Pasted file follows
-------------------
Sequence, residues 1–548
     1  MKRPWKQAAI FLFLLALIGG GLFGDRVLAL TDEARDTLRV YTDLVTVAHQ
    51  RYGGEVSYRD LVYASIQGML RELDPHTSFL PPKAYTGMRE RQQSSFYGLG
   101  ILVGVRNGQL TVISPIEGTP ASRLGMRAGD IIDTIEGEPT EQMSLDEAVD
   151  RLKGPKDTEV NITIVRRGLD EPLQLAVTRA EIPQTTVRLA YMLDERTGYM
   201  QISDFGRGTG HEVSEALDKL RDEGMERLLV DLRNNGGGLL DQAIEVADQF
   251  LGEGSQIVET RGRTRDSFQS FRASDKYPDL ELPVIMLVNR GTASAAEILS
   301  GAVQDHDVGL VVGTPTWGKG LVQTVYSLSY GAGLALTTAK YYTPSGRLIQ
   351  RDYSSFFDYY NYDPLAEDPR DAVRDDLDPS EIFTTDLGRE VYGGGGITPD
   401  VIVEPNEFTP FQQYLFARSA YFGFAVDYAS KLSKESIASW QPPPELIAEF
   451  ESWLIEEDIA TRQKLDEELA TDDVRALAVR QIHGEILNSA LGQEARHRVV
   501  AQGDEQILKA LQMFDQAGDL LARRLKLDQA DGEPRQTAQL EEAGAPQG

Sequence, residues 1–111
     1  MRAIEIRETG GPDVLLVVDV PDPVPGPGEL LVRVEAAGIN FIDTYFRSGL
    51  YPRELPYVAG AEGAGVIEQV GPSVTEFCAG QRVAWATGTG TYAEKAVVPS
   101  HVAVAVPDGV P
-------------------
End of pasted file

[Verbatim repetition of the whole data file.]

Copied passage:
Sequence, residues 1–548
     1  MKRPWKQAAI FLFLLALIGG GLFGDRVLAL TDEARDTLRV YTDLVTVAHQ
    51  RYGGEVSYRD LVYASIQGML RELDPHTSFL PPKAYTGMRE RQQSSFYGLG
   101  ILVGVRNGQL TVISPIEGTP ASRLGMRAGD IIDTIEGEPT EQMSLDEAVD
   151  RLKGPKDTEV NITIVRRGLD EPLQLAVTRA EIPQTTVRLA YMLDERTGYM
   201  QISDFGRGTG HEVSEALDKL RDEGMERLLV DLRNNGGGLL DQAIEVADQF
   251  LGEGSQIVET RGRTRDSFQS FRASDKYPDL ELPVIMLVNR GTASAAEILS
   301  GAVQDHDVGL VVGTPTWGKG LVQTVYSLSY GAGLALTTAK YYTPSGRLIQ
   351  RDYSSFFDYY NYDPLAEDPR DAVRDDLDPS EIFTTDLGRE VYGGGGITPD
   401  VIVEPNEFTP FQQYLFARSA YFGFAVDYAS KLSKESIASW QPPPELIAEF
   451  ESWLIEEDIA TRQKLDEELA TDDVRALAVR QIHGEILNSA LGQEARHRVV
   501  AQGDEQILKA LQMFDQAGDL LARRLKLDQA DGEPRQTAQL EEAGAPQG

Sequence, residues 1–111
     1  MRAIEIRETG GPDVLLVVDV PDPVPGPGEL LVRVEAAGIN FIDTYFRSGL
    51  YPRELPYVAG AEGAGVIEQV GPSVTEFCAG QRVAWATGTG TYAEKAVVPS
   101  HVAVAVPDGV P